On Wednesday (5-1), Washington Post printed a feature article on the pervasive nature of sexual harassment in Japanese companies. In Japan, the women men deal with on a regular basis are either office ladies” who are to do whatever their male bosses ask of them, or workers at hostess bars who are expected to treat the male customers graciously regardless of the men’s conduct. Women in both positions can expect to hear men comment on their beauty or breast size.
Japanese law does not provide victims of sexual harassment with much hope of receiving damages, and companies face little threat of being forced to change by costly litigation as in the U.S. In fact, only 20 sexual harassment suits against companies have been filed in Japan, and one of the largest cases only awarded $16,000 in damages to the victim. Most cases settle out of court for less than $10,000 after the company apologizes to the woman. Rarely do women get the transfers they request, and perpetrators are almost never fired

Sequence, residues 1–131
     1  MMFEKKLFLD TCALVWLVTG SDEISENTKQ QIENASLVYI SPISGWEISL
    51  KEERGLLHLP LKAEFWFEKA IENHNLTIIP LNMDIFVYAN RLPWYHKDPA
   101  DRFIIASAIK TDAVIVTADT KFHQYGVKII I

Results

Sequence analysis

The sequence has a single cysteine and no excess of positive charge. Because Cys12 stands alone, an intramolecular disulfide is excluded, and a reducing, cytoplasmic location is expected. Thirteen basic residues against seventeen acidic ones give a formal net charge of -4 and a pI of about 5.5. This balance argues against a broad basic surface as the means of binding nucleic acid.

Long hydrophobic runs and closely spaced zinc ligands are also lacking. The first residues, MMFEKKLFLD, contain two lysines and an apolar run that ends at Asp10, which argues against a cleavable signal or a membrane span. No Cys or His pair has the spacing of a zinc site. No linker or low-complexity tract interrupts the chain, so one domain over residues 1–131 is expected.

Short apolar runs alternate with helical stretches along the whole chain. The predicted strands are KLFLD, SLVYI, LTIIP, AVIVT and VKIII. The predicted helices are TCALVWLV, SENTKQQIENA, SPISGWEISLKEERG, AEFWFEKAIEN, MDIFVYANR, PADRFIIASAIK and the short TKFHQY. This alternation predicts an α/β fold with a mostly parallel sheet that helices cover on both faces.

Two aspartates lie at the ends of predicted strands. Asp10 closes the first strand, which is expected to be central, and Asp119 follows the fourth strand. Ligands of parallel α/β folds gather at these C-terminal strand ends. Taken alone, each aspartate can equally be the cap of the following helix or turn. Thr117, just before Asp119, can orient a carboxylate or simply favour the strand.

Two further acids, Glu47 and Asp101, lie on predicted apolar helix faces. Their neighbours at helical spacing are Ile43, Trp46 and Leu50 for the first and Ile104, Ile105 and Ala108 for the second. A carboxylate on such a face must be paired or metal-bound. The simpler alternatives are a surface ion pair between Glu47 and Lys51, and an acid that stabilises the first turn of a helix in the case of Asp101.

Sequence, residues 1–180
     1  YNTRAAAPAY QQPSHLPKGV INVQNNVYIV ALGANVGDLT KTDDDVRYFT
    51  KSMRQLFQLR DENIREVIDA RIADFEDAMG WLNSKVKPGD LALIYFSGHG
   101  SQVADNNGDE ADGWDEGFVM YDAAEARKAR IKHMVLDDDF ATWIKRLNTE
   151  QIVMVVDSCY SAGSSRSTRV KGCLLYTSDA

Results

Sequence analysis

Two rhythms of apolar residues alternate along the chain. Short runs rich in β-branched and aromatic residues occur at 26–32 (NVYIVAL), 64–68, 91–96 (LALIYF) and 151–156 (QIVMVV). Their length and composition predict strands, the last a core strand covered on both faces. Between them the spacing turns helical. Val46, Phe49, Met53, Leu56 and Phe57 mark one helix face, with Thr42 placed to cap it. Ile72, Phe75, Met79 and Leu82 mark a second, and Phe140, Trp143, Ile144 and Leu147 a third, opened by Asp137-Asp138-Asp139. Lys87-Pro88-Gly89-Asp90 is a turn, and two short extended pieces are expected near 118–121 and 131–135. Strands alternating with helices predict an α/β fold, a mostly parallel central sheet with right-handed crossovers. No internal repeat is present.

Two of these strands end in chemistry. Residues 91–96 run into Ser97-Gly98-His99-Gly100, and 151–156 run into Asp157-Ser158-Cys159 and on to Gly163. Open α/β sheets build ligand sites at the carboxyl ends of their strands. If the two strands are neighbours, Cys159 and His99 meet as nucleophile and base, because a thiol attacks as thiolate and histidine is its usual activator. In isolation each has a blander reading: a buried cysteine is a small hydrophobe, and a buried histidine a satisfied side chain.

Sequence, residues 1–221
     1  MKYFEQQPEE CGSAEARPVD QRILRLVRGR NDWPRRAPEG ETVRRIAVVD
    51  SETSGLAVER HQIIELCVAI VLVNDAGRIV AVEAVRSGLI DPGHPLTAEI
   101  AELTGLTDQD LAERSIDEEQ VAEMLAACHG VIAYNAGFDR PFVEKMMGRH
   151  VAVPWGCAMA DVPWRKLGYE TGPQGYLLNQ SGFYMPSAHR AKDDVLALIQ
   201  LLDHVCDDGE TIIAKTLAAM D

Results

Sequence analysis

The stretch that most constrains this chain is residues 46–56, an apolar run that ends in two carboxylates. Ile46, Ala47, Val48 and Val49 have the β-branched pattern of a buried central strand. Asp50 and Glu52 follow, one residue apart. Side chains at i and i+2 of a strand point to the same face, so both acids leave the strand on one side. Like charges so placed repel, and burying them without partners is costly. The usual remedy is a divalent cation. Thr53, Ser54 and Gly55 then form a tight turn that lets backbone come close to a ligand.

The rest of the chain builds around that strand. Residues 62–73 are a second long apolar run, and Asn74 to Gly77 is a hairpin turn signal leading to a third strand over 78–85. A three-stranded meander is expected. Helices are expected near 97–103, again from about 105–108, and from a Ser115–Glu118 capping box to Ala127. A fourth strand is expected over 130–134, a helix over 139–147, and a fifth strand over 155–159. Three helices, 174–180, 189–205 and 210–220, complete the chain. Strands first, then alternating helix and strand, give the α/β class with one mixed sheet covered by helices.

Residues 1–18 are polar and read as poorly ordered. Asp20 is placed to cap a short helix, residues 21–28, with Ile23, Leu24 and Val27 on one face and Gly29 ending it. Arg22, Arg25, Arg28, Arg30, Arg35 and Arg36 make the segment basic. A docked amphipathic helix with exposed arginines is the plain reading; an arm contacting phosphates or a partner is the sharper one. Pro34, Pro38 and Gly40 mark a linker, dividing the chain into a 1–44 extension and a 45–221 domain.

Media Resources: The Washington Post - May 1, 1996
10/29/2014 North Dakota Supreme Court Upholds Abortion Restrictions - The North Dakota Supreme Court yesterday upheld a set of misguided restrictions on medication abortion, allowing what is effectively a ban on early, non-surgical abortions in the state to go into effect immediately.
The decision overturned a lower court order finding the law, known as HB 1297, unconstitutional and permanently blocking its enforcement. . . .
10/29/2014 Georgia Court Refuses to Recognize 40K Voter Registrations From Primarily People of Color and Young People - A state court judge on Tuesday refused to order the Georgia Secretary of State to add some 40,000 voters to the voter rolls, potentially disenfranchising thousands of African Americans and other people of color in the state.
Judge Christopher Brasher of the Fulton County Superior Court denied a petition from the Lawyers' Committee for Civil Rights Under Law (LCCR), the New Georgia Project and the Georgia branch of the NAACP asking the court to force Secretary of State Brian Kemp (R) to process an estimated 40,000 "missing" voter registrations.
More than 100,000 voters were registered by the three groups, but about a third of those registered never made the rolls. . . .